Performance Analysis of Data Aggregation Schemes for Wireless Sensor Networks

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Title: Performance Analysis of Data Aggregation Schemes for Wireless Sensor Networks
Author: Park, Sangjoon
Advisors: Injong Rhee, Committee Chair
Abstract: Wireless sensor networks are suitable for applications in which sensors detect moving targets in the area of interest. In such applications, one of the key challenges is how to design efficient data aggregation protocols which reduce redundant packet transmissions in the sensor network. Towards this goal, centralized, tree-based, static-cluster, and dynamic-cluster aggregation schemes have been proposed. However, each scheme has its share of benefits and corresponding costs, and it is difficult to say with certainty whether a particular scheme is always better than others. In this paper, our goal is to compare all of the above mentioned aggregation schemes with comprehensive theoretical analysis, simulation and real experiments and attempt to give clear scenarios where a particular scheme may be more beneficial compared to others. Along the way, we also propose two cluster-based aggregation algorithms, which are simple enough to be implemented on resource-constrained sensor networks. As a first step towards this goal, we model the sensor network environment under certain simplifying assumptions and then derive closed form expressions for the total number of packet transmissions incurred by each aggregation scheme. Next, we complement the assumptions made for the analysis by performing extensive simulations under different environmental conditions, such as channel capacity (1Mbps, 250Kbbps) and MAC (B-MAC, IEEE 802.11) protocol. Finally, we test the aggregation schemes on a real sensor network testbed comprising of 31 Mica2 sensors. Various metrics, such as total number of packet transmissions, aggregation ratio, average energy consumption, network lifetime, average end-to-end delay, and packet delivery ratio, are used to evaluate the performance of aggregation schemes. The results show that the performance of data aggregation is highly dependant on setup overhead, node density, sensing range, and the distance from sources to the sink. When the sources are close to the sink and the sensing range is short, tree-based aggregation, with long aggregation delay, achieves better performance in all metrics, except end-to-end delays. However, as the distance from sources to the sink and the sensing range increase, dynamic-cluster aggregation shows the best performance over other schemes, because a large number of generated packets are reduced by the local data aggregation.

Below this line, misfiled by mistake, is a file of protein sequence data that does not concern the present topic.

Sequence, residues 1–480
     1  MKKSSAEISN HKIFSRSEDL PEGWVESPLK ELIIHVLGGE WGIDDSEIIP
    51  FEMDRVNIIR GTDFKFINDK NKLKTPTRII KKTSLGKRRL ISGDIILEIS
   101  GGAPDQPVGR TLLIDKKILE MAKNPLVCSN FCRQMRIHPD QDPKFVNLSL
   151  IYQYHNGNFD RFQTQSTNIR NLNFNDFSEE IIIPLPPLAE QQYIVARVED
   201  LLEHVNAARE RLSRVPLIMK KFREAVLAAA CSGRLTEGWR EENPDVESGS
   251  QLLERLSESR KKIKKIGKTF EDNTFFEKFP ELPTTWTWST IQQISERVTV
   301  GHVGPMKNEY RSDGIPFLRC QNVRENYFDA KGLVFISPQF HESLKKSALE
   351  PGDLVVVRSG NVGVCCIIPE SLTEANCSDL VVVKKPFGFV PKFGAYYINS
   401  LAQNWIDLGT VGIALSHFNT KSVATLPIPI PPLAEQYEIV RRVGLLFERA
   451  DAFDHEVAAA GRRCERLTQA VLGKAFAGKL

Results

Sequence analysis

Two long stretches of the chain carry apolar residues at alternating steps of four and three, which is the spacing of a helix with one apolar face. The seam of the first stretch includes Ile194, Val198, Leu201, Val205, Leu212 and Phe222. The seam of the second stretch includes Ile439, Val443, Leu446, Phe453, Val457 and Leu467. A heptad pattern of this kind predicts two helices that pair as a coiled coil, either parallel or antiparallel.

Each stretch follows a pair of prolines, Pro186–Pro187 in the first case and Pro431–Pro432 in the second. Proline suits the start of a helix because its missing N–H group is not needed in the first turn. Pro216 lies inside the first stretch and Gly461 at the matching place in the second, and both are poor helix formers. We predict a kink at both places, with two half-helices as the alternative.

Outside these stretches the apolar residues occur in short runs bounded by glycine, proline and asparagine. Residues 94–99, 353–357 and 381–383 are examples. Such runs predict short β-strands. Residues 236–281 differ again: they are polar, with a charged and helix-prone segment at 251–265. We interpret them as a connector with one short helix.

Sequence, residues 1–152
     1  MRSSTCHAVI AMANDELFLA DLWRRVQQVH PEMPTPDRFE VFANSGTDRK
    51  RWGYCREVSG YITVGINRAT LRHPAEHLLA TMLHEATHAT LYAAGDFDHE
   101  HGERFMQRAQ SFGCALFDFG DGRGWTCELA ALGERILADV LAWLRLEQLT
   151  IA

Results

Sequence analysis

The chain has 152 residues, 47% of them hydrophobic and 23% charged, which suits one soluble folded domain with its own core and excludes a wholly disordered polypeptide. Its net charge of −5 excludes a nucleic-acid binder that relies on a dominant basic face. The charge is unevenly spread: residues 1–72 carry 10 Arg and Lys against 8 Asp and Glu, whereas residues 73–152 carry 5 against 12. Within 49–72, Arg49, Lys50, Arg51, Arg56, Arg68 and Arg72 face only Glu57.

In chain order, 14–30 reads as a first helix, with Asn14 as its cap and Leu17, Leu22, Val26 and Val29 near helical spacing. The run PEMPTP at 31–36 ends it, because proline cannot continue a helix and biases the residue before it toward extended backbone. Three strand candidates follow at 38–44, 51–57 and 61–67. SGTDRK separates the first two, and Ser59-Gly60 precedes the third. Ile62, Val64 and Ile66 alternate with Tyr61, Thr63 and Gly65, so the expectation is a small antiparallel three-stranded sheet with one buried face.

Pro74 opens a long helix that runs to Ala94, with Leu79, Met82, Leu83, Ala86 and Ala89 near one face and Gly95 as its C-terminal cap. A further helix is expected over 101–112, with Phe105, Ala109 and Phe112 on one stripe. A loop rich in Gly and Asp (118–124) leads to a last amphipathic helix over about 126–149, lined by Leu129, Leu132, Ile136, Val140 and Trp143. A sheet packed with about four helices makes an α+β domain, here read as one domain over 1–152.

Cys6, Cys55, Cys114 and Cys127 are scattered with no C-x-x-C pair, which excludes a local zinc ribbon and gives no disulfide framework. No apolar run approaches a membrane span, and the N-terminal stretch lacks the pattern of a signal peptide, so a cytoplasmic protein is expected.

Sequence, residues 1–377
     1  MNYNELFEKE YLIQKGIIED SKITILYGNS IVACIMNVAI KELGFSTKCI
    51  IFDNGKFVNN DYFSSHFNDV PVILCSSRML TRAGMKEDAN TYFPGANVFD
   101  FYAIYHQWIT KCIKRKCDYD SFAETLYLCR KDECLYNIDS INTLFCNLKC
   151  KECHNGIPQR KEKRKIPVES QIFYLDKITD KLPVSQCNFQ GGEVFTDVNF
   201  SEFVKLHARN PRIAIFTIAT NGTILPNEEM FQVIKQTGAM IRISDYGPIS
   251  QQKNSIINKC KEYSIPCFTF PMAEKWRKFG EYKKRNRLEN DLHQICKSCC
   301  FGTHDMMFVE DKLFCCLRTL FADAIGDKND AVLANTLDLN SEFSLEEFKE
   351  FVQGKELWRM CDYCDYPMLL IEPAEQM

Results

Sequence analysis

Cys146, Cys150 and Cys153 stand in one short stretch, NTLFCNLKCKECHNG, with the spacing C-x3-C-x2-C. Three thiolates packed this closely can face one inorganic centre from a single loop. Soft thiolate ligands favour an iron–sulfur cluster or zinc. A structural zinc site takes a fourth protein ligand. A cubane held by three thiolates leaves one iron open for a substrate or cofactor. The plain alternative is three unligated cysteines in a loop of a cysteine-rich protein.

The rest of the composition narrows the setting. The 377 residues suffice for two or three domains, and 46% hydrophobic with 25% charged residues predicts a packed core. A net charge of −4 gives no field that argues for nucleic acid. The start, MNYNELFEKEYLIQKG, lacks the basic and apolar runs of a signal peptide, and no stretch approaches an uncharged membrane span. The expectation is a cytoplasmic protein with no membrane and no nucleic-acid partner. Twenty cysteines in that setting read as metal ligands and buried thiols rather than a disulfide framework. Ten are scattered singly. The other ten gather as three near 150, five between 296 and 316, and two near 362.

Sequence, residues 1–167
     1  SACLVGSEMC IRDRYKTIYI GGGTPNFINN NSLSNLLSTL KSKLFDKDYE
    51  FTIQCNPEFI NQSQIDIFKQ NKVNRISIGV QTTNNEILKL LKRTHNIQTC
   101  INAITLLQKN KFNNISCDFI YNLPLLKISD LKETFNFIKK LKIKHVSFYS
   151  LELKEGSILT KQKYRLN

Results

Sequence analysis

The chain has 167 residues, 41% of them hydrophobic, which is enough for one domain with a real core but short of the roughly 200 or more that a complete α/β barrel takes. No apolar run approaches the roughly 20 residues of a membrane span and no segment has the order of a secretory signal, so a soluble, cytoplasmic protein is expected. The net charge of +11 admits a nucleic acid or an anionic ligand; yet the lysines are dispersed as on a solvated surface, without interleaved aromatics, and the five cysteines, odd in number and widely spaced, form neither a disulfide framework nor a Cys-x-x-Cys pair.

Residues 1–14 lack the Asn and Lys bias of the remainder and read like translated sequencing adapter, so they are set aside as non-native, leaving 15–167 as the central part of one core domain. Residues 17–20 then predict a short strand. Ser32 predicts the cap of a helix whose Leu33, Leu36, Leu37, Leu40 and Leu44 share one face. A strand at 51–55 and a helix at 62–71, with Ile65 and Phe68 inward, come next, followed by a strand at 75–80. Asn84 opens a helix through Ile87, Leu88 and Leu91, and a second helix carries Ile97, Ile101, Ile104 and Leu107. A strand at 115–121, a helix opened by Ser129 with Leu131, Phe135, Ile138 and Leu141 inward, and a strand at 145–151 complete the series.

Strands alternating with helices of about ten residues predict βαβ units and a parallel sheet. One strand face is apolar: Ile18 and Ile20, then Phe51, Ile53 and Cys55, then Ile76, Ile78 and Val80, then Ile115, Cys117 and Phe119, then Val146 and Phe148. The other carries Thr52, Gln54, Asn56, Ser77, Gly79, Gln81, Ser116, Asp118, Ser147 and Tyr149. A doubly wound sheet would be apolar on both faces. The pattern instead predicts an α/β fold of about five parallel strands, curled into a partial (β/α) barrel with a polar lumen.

Date: 2006-06-29
Degree: PhD
Discipline: Computer Science

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